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February 6, 2004.


The opinion of the court was delivered by: JACOB HART, Magistrate Judge


After an eight day trial in this Title VII/§ 1983 case, the jury returned a verdict for the Plaintiff against the City of Philadelphia, John Timoney, JohnNorris, Thomas Healey, and Joseph Sweeney. Although the jury did not find the Defendants liable for racial discrimination, they did find that the Plaintiff's civil rights had been violated. The jury awarded the Plaintiff a total of $430,000, including minimal punitive damages against each of the individual defendants and $105,000 for front pay. Thereafter, the Court requested counsel to brief the feasibility of reinstatement in lieu of the front pay award, the Defendants filed a motion for judgment as a matter of law, or in the alternative, a motion for a new trial. The Plaintiffs filed a motion to mold the verdict and for attorneys's fees.

Before issuing an opinion on the post-verdict motions, the court conducted a settlement conference and the parties came to an agreement. Pursuant to the agreement, the City agreed to pay Mr. DeVore $400,000, vest him in his pension, and provide the contributions to the pension plan that it would have made had Mr. DeVore not been terminated. In addition, the City agreed that within 30 days of the settlement, they would expunge Mr. DeVore's record and refer to him as retired from the Police Department. Thus, on June 25, 2003, the Court entered an Order dismissing the case, while retaining jurisdiction to resolve any issues arising under the settlement agreement.

  Last month we were advised that the City had not abided by all the conditions of the settlement agreement. Although the City timely paid Mr. DeVore the $400,000, it failed to comply with other provisions in the agreement, including expunging his record and vesting him in his pension. As a result of the City's failure to abide by the agreement to expunge his records, the Plaintiff now claims that he was recently denied a position with the Pennsylvania State Police.

  Upon learning of the violation of the settlement agreement, the Court scheduled a conference. After reviewing the settlement agreement entered into by the parties, we concluded that the only options the Court had were to enforce the agreement or vacate the agreement and restore the case to its posture prior to the Court's dismissal. Thus, the verdict would be reinstated and the Court would issue its rulings on the post-verdict motions.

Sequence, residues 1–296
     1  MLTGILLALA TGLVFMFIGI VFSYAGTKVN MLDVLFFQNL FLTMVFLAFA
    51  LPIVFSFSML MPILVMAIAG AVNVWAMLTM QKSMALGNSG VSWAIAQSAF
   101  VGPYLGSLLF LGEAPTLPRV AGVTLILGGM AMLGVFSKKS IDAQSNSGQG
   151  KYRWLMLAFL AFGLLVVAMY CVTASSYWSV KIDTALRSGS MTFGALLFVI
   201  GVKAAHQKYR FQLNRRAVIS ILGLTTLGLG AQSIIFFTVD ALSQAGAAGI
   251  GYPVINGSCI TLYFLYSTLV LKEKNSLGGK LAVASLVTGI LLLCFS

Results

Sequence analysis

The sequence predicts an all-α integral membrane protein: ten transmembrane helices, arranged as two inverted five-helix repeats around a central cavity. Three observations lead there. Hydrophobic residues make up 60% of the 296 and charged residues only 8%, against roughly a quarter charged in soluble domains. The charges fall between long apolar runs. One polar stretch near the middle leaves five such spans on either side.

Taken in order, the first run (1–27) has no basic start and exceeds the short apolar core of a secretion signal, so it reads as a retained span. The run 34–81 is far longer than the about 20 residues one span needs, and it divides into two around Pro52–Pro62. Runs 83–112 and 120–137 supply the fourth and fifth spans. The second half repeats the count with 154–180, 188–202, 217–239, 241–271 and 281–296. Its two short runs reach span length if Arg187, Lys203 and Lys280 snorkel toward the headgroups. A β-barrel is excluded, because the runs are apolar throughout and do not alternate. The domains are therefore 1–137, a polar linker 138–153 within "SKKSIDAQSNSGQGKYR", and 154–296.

During a conference last week, the City admitted that it failed to comply with all of the terms of the settlement agreement, but denied that its failure to expunge Mr. DeVore's employment record caused the Pennsylvania State Police to reject him. During the conference, the City suggested the possibility of reinstating Mr. DeVore as a Philadelphia police officer, an idea they had opposed at the time the post-verdict motions were filed. Mr. DeVore stated that he would be satisfied with reinstatement and would not, in such event, pursue the City for additional damages resulting from the breached settlement agreement. Based on the assumption that the City would, in fact, reinstate Mr. DeVore, we did not vacate the settlement, but rather issued an order enforcing it.

  Now, the City has informed the Court it will not reinstate Mr. DeVore. Since it is admitted that the original settlement agreement was breached, the Plaintiff must now be permitted the option of keeping our enforcement Order intact or obtaining a new Order vacating the settlement agreement in its entirety. If the enforcement Order stands, the Plaintiff would, of course, retain the right to file suit against the City for breach of the settlement agreement in either the state court or the federal court, if federal jurisdiction could be proven. If we vacate the settlement agreement, the jury's verdict will be reinstated, and the court will issue its rulings on the post-verdict motions, molding the verdict, considering the issue of attorneys' fees, and deciding the issue of reinstatement in lieu of the jury's front pay award. Mr. DeVore shall have ten days in which to inform the Court if he wishes us to enforce the settlement agreement, thus preserving his rights to file a separate damages suit for breach, or if he wishes the Court to declare the settlement void, as set forth in the Settlement Agreement. If he chooses the later, we will reinstate the jury's verdict and issue our rulings on the post-verdict motions.


  AND NOW, this 6th day of February, 2004, upon consideration of the Defendants' breach of the settlement agreement, and for the reasons stated in the accompanying Memorandum, IT IS HEREBY ORDERED that the Plaintiff shall have ten days from date this Memorandum and Order is entered to inform the Court in writing whether he wishes the Court to continue its Order enforcing the settlement agreement, or vacate the settlement, thus reinstating the jury's verdict to be molded by the Court's decisions on the post-verdict motions.


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